By contrast, the new-Keynesian model says that in order to hit the Fed’s inflation forecast, interest rates can stay low, and indeed a bit lower than the Fed projects. And that path is perfectly consistent with unemployment slowly reverting to the natural rate.

In the new-Keyensian model, the output gap and unemployment are related to inflation relative to *future* inflation. If inflation is high today relative to what people expect in the future, there will be lots of employment and little unemployment. Output is high and unemployment low when inflation is *high but expected to decline. *In the adaptive expectations model, output and unemployment are related to inflation relative to *past* inflation. Output is high and unemployment is low when inflation is* high and rising. *You would think this would be easy to tell apart in the data, but it isn’t. * *

That is, however, the key element to understanding these radically different views of inflation dynamics.

In sum, the Fed’s forecasts, now extended to unemployment, are not necessarily nutty, rosy scenario, etc. There is a model that produces them, and it is the standard new-Keynesian model. Now debate if that model is right, or right in this instance.

To reiterate, my best guess at the right answer is an expanded version of the new-Keynesian model with a short run negative effect that the Fed could exploit, and somewhat slower dynamics. That makes sense of the 2010s. For this to be an experiment, alas, we need a period with no additional shocks, but additional shocks are likely to happen.

**Code**

Note, I don’t include the data files. If you get then from Fred, replace the – with , in dates (1-1-2020 should be 1, 1, 2020) and it will work.

clear all

close all

%Fed data from https://www.federalreserve.gov/monetarypolicy/fomcprojtable20220316.htm

years = [2017 2018 2019 2020 2021 2022 2023 2024 2030]’;

actual = [1.9 2.0 1.5 1.2 5.5 NaN NaN NaN NaN ]’;

UpperRange = [ NaN NaN NaN NaN 5.5 5.5 3.5 3.0 2.0]’;

UpperCentral =[ NaN NaN NaN NaN 5.5 4.7 3.0 2.4 2.0]’;

MedianForecast =[NaN NaN NaN NaN 5.5 4.3 2.7 2.3 2.0]’;

LowerCentral= [NaN NaN NaN NaN 5.5 4.1 2.3 2.1 2.0]’;

LowerRange =[ NaN NaN NaN NaN 5.5 3.7 2.2 2.0 2.0]’;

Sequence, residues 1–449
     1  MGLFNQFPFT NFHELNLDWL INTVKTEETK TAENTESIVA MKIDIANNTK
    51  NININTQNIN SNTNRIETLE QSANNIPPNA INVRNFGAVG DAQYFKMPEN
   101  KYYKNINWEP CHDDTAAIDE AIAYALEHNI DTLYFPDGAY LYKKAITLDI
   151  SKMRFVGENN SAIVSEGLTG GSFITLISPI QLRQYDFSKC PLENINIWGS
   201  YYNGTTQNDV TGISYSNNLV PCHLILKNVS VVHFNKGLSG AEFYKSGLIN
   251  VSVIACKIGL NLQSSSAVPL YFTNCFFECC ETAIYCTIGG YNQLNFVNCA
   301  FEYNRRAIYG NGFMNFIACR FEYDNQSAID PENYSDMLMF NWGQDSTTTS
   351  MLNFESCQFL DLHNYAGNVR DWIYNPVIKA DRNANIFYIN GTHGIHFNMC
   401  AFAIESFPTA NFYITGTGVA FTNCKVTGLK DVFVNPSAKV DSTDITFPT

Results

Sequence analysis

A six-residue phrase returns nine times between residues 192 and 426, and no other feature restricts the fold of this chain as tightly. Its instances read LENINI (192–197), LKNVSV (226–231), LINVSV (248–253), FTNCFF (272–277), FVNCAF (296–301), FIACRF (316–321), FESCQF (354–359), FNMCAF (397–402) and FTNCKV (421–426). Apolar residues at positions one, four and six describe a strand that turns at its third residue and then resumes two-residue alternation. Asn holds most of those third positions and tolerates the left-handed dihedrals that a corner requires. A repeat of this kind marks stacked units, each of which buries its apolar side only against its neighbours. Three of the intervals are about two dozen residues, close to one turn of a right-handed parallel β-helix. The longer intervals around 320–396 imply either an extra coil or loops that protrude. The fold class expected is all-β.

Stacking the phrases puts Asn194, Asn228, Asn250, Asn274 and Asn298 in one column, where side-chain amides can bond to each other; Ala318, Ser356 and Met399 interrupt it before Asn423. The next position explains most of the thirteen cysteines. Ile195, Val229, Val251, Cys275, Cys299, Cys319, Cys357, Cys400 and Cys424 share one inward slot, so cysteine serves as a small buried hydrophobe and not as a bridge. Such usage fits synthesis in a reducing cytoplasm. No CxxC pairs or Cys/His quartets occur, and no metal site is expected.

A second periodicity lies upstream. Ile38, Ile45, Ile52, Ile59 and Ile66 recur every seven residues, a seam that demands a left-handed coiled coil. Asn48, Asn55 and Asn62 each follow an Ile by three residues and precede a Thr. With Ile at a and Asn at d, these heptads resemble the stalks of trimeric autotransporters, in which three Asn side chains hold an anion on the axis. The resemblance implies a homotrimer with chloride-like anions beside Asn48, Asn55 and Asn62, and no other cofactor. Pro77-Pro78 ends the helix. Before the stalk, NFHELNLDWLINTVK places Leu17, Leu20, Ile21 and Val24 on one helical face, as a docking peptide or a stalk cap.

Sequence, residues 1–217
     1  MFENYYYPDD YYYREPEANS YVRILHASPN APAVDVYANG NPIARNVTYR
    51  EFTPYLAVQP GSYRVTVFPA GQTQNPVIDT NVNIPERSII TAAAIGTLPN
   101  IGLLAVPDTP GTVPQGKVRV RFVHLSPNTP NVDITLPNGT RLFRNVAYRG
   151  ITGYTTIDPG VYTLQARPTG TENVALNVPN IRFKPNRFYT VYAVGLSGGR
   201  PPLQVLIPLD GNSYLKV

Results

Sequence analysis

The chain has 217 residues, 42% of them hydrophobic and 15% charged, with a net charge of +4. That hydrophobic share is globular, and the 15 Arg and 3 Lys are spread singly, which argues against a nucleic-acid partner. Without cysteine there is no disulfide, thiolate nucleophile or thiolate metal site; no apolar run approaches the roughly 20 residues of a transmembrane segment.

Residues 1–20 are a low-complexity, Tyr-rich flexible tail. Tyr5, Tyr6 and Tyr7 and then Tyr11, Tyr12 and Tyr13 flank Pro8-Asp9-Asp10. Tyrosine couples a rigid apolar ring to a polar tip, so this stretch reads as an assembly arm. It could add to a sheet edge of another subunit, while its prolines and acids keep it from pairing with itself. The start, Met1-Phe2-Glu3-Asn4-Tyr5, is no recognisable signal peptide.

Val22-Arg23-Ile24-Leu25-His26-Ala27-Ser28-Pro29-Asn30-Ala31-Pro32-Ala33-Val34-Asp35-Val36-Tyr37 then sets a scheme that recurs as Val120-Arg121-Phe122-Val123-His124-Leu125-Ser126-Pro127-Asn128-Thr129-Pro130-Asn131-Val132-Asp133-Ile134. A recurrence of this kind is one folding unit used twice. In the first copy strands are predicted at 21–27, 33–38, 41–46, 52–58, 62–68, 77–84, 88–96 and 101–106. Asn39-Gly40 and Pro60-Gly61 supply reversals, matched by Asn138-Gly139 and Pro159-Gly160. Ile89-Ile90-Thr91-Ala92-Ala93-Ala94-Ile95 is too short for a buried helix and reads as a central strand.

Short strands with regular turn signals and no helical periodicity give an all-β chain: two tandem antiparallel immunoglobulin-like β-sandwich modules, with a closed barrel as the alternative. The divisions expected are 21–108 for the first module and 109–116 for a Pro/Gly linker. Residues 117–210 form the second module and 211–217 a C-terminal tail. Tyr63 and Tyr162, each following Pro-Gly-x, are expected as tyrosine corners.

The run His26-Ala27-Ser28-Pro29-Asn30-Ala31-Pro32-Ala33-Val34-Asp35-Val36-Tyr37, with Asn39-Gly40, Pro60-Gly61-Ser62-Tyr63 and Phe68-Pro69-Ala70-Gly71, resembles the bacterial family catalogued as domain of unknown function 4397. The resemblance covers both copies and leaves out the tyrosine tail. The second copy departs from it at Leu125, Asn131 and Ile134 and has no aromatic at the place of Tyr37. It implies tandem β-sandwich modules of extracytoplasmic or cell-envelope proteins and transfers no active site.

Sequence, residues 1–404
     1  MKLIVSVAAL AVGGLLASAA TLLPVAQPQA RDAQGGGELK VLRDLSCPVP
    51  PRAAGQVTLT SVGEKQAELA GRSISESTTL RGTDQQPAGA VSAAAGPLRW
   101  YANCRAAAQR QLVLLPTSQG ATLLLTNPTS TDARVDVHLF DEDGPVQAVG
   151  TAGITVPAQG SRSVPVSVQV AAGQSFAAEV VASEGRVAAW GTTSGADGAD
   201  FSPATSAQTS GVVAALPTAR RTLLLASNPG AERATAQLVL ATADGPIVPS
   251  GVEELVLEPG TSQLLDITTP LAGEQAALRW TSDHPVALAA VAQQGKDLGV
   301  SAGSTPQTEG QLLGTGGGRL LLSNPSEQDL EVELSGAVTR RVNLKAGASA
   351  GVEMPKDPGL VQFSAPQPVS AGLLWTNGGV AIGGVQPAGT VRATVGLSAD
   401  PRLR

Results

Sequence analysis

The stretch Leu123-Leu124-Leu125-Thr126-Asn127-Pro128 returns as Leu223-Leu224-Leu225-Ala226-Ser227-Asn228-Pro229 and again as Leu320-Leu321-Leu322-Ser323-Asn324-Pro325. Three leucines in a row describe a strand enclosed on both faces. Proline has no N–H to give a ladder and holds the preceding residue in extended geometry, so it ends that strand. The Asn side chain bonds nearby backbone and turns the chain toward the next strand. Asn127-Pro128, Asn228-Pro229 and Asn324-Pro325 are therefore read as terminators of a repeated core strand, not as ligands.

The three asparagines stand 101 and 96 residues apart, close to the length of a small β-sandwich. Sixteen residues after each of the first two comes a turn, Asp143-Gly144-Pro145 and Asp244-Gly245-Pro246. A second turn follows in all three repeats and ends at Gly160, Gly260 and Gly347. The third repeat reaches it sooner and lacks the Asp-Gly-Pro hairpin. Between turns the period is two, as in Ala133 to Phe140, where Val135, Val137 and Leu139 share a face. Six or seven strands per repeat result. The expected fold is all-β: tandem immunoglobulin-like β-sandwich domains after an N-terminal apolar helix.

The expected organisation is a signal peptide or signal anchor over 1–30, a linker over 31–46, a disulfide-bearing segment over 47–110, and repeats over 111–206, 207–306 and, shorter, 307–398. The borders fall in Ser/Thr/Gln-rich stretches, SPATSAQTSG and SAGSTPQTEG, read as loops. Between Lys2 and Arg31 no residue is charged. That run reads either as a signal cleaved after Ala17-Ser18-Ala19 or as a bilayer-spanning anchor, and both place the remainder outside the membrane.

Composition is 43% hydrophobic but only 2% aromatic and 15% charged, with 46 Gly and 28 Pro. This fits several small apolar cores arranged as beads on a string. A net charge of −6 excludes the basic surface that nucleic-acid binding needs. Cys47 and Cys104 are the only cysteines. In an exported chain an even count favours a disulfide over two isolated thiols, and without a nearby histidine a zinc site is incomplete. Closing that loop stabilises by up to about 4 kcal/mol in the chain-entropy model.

% I added last actual to the forecasts

fedfunds = [ NaN NaN NaN NaN NaN 1.9 2.8 2.8 2.4 ]’;

unemp = [ NaN NaN NaN NaN 4.2 3.5 3.5 3.6 4.0 ]’;

unempactual = [ 4.2 3.8 3.6 6.8 4.2 NaN NaN NaN NaN ]’;

x = load(‘pcectpi.csv’);

x = x(x(:,2)==10,:); % use 4th quarter for year

pceyr = x(:,1);

pce = x(:,4);

x = load(‘fedfunds.csv’);

x = x(x(:,2)==12,:); % use 4th quarter for year

ffyr = x(:,1);

ff = x(:,4);

fedfunds(5) = ff(end);

rate_years = years;

mean_rate_forecast = fedfunds;

figure;

hold on;

plot(years, actual, ‘-r’,‘linewidth’,2);

plot(pceyr,pce,‘-r’,‘linewidth’,2)

plot(years, MedianForecast, ‘-ro’,‘linewidth’,2);

plot(rate_years,mean_rate_forecast,‘-bo’,‘linewidth’,2);

plot(ffyr,ff,‘-b’,‘linewidth’,2)

plot([2021.5 2021.5],[-1 10],‘-k’,‘linewidth’,2);

plot([2010 2030],[0 0],‘-k’)

axis([2017 2030 -1 6])

text(2018,5.5,‘Actual leftarrow’,‘fontsize’,20)

text(2022,5.5,‘rightarrow Forecast’,‘fontsize’,20);

text(2022,1,‘Fed Funds’,‘color’,‘b’,‘fontsize’,20);

text(2022.5,4,‘Inflation’,‘color’,‘r’,‘fontsize’,20);

ylabel(‘Percent’)

print -dpng actual_and_forecast.png

figure;

hold on;

plot(years, actual, ‘-r’,‘linewidth’,2);

plot(pceyr,pce,‘-r’,‘linewidth’,2)

plot(years, MedianForecast, ‘-ro’,‘linewidth’,2);

plot(rate_years,mean_rate_forecast,‘-bo’,‘linewidth’,2);

plot(ffyr,ff,‘-b’,‘linewidth’,2)

plot([2021.5 2021.5],[-1 10],‘-k’,‘linewidth’,2);

plot([2010 2030],[0 0],‘-k’)

axis([2017 2030 -0.5 7])

%text(2018,5.5,’Actual leftarrow’,’fontsize’,20)

text(2022,6.5,‘rightarrow Forecast’,‘fontsize’,20);

text(2025,3,‘Fed Funds’,‘color’,‘b’,‘fontsize’,20);

text(2025,2,‘Inflation’,‘color’,‘r’,‘fontsize’,20);

text(2025,4.2,‘Unemployment’,‘color’,‘k’,‘fontsize’,20);

ylabel(‘Percent’)

plot(years, unempactual,‘-k’,‘linewidth’,2);

plot(years, unemp,‘-vk’,‘linewidth’,2)

print -dpng actual_forecast_unemp.png

% Theory

kap = 0.5;

sig = 0.5/kap;

r = 0.5;

T = 11;

tim = (1:T)’;

it = 0*tim;

it(1:5) = mean_rate_forecast(end-4:end);

it(6:end) = it(5);

pita = it*0;

pitr = it*0;

xta = it*0;

xtr = it*0;

pita(1) = 5.5;

pitr(1)= 5.5;

xta(1) = 4.2;

xtr(1) = 4.2;

for t = 2:T

pita